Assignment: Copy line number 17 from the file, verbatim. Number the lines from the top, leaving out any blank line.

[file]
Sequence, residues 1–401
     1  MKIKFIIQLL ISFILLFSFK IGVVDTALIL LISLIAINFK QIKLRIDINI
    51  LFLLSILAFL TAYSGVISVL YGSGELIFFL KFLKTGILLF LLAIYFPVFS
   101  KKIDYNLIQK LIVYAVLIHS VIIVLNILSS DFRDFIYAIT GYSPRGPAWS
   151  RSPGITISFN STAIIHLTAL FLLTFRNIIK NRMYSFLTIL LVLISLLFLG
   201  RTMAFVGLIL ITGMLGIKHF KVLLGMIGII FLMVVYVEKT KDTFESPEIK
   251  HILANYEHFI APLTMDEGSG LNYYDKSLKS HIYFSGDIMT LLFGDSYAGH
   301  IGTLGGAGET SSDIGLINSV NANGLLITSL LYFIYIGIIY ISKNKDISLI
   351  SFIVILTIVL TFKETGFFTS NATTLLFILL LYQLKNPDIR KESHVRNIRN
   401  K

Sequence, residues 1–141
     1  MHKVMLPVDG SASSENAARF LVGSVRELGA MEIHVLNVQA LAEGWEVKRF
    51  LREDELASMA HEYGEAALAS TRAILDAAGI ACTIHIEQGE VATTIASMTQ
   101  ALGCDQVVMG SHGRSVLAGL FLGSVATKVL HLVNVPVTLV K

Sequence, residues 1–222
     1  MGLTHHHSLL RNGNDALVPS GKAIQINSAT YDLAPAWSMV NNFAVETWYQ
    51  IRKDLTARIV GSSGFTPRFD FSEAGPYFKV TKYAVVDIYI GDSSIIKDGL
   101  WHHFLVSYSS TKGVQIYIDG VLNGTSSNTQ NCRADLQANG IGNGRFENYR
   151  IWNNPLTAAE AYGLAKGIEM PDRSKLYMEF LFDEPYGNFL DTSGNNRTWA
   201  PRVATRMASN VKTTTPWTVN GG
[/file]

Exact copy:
    51  IRKDLTARIV GSSGFTPRFD FSEAGPYFKV TKYAVVDIYI GDSSIIKDGL